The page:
Tim Cook believes Apple has a moral obligation to protect its users' privacy, and he'll got to any lengths to let you know it--even if it means taking shots at fellow Silicon Valley power players like Google, Facebook, and Yahoo. Read next: How to protect your privacy on Mac
"Like many of you, we at Apple reject the idea that our customers should have to make tradeoffs between privacy and security. We can, and we must provide both in equal measure. We believe that people have a fundamental right to privacy. The American people demand it, the Constitution demands it, morality demands it," Cook said during his speech at the EPIC civil liberties event in Washington, D.C. this week, was he was the first business leader ever to be honored.
The Apple CEO quickly took aim at the tech companies that have made billions out of selling off personal user data to advertisers--from search queries to email content to which websites we like to browse.
"I'm speaking to you from Silicon Valley, where some of the most prominent and successful companies have built their businesses by lulling their customers into complacency about their personal information," Cook said. "They're gobbling up everything they can learn about you and trying to monetize it. We think that's wrong. And it's not the kind of company that Apple wants to be."
"We don't think you should ever have to trade [privacy] for a service you think is free but actually comes at a very high cost. This is especially true now that we're storing data about our health, our finances and our homes on our devices," Cook added.
Read next: How private is your iPhone data?
Why this matters: Tim Cook has been on a very public plight for user privacy lately. Ever since the catastrophic celebrity iCloud hacks, Apple has been bending over backwards to reassure users that the company is committed to protecting their privacy and ensuring the company's security standards.
This is a pivotal business mission for Cook and Apple, especially considering consumer trust might be the single factor determining whether new data-storing projects like Apple Pay and HealthKit will be embraced by the public. Although who's to say that getting your credit card information or medical history stolen is any more disastrous than having your sexy selfies floating around the web.
Cook: So-called free services' aren't worth it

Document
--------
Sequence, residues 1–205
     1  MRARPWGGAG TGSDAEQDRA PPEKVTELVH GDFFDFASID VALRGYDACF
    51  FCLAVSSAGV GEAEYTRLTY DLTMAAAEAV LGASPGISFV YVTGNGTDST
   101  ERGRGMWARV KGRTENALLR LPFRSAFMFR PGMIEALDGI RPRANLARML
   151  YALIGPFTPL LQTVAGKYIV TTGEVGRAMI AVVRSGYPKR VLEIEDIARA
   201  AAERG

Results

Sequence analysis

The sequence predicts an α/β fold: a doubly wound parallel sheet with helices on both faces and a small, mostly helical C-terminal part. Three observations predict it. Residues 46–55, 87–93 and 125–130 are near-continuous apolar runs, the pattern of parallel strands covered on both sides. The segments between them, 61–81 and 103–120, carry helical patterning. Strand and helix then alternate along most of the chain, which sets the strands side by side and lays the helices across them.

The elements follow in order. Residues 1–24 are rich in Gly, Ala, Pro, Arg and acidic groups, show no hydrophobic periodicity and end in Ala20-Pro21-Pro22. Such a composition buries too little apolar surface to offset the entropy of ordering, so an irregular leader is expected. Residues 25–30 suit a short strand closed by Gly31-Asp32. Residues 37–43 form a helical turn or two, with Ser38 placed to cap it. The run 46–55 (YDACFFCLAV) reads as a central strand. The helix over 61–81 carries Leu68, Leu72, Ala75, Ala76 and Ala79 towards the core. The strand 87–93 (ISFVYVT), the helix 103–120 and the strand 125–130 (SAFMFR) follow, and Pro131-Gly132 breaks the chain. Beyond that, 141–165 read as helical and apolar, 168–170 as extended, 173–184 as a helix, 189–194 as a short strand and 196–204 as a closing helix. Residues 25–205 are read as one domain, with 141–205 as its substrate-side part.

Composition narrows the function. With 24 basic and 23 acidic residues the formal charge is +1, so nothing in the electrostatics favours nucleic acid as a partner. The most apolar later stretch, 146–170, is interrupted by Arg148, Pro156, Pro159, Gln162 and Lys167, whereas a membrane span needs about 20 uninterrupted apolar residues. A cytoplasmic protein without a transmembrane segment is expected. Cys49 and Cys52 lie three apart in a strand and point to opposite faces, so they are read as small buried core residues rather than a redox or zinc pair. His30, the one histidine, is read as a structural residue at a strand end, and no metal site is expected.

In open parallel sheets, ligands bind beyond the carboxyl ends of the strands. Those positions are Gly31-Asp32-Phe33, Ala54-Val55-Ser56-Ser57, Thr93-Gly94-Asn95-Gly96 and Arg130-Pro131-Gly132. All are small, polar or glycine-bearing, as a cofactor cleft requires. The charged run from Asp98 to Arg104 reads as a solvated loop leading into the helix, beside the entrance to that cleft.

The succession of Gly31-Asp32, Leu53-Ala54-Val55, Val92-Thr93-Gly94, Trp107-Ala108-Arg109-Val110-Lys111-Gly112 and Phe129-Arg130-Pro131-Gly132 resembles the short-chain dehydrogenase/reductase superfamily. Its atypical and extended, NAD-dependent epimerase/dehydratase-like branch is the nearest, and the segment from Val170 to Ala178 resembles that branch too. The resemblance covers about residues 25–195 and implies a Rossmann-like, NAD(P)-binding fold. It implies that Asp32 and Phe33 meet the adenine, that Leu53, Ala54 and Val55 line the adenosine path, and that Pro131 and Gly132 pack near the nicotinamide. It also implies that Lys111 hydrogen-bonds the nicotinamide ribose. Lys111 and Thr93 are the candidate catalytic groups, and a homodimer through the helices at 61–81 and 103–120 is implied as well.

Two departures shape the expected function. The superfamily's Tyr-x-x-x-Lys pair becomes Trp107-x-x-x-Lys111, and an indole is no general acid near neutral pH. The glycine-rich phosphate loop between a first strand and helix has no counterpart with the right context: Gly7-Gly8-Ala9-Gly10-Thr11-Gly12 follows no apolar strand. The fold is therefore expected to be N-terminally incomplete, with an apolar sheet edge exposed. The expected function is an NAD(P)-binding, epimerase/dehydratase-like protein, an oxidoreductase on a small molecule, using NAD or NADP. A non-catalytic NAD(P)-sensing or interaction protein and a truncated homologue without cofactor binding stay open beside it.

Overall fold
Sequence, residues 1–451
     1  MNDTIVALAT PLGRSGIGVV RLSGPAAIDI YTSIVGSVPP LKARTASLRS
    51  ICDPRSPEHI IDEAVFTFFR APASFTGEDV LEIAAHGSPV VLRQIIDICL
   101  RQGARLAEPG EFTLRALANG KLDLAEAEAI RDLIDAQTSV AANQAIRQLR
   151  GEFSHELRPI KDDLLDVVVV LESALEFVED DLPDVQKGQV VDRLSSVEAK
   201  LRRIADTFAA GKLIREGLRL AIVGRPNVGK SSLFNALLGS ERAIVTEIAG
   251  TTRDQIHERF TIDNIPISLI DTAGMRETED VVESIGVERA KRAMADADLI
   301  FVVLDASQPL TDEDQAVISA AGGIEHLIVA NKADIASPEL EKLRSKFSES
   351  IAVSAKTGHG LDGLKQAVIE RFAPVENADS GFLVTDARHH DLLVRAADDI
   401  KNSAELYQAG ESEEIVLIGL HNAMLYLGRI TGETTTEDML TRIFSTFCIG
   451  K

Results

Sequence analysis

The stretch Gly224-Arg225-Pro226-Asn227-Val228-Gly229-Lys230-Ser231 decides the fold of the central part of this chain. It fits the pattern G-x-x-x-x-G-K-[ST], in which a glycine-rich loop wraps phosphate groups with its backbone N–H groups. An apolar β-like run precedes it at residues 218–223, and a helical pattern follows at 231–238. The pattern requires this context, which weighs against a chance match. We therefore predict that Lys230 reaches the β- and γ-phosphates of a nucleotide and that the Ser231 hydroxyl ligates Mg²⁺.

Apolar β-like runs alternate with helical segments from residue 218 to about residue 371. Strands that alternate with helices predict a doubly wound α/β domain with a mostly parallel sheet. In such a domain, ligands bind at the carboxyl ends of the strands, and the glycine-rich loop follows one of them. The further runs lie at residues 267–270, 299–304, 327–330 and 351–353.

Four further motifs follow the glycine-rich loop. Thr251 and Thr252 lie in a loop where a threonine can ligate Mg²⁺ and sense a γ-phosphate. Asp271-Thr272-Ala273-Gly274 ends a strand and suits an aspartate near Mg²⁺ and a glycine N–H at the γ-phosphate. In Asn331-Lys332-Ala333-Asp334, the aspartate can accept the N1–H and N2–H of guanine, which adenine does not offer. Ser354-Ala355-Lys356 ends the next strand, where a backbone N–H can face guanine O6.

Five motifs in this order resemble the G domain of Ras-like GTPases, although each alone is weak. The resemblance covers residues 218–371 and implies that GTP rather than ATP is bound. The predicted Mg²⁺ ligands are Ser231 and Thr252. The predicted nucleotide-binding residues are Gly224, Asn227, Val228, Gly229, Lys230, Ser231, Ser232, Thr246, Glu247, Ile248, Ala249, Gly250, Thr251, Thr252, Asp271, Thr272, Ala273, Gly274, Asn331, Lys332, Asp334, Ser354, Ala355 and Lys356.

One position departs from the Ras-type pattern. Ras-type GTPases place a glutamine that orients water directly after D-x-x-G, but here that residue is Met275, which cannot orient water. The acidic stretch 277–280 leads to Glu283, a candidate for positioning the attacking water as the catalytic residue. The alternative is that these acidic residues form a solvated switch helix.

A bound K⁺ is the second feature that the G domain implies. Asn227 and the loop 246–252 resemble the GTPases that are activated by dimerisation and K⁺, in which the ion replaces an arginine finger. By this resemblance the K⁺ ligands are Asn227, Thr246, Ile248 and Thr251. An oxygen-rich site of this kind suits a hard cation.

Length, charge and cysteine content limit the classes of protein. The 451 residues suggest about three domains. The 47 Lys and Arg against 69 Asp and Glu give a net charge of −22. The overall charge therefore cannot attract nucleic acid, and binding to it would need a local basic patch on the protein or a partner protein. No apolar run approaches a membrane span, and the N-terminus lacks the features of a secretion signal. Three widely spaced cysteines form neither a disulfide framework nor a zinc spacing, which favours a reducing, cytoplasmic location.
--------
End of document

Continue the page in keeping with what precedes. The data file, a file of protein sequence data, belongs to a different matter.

The Apple CEO seemed to be referring to companies like Google, Facebook, and Yahoo, who have made successful business models out of offering free services in exchange for mining mass user data and giving advertisers some of the most targeted advertising platforms on the planet. In 2014, Facebook was the fastest-growing online advertising platform, but Google was still the largest by far. Cook even gave a veiled reference to Google's flashy new Google Photos, as possibly just another product Google might package for advertisers.
"You might like these so-called free services, but we don't think they're worth having your email or your search history or now even your family photos data-mined and sold off for God knows what advertising purpose," Cook continued. "And we think someday, customers will see this for what it is."
After U.K. newspaper The Register addressed similar concerns over Google Photos, a Google spokesperson issues this statement: "Google Photos will not use images or videos uploaded onto Google Photos commercially for any promotional purposes, unless we ask for the user's explicit permission."
Cook's EPIC speech this week echoed the statements he gave to Charlie Rose last year about Apple's approach to storing user data. "You're not our product," Cook said on the show.
The Apple CEO, however, has not yet publicly addressed the role of Apple's own online advertising platform iAds, which targets advertisements based on tracking of user activity across iPhones, iPads and Apple TVs. Furthermore, advertisers can serve up ads on iTunes Radio by anonymously cross-referencing Apple users' email addresses and telephone numbers against their own data. The Verge pointed out a helpful way for Apple users to opt out of "interest-based" ad tracking and targeting.
Weakening encryption against First Amendment
During his EPIC speech, Cook was adamant about his opposition to creating a secret "backdoor" key that would allow government agencies to bypass iOS's built-in encryption and tap into iPhones.
"We have a deep respect for law enforcement, and we work together with them in many areas, but on this issue we disagree. So let me be crystal clear: Weakening encryption, or taking it away, harms good people that are using it for the right reasons. And ultimately, I believe it has a chilling effect on our First Amendment rights and undermines our country's founding principles."
Cook said that Apple has been offering encryption tools on iOS devices and products for years and that removing them now--as some government agencies have suggested--would be a terrible, horrible, no good, very bad idea.
"If you put a key under the mat for the cops, a burglar can find it, too," he said. "Criminals are using every technology tool at their disposal to hack into people's accounts. If they know there's a key hidden somewhere, they won't stop until they find it... We shouldn't ask our customers to make a tradeoff between privacy and security. We need to offer them the best of both."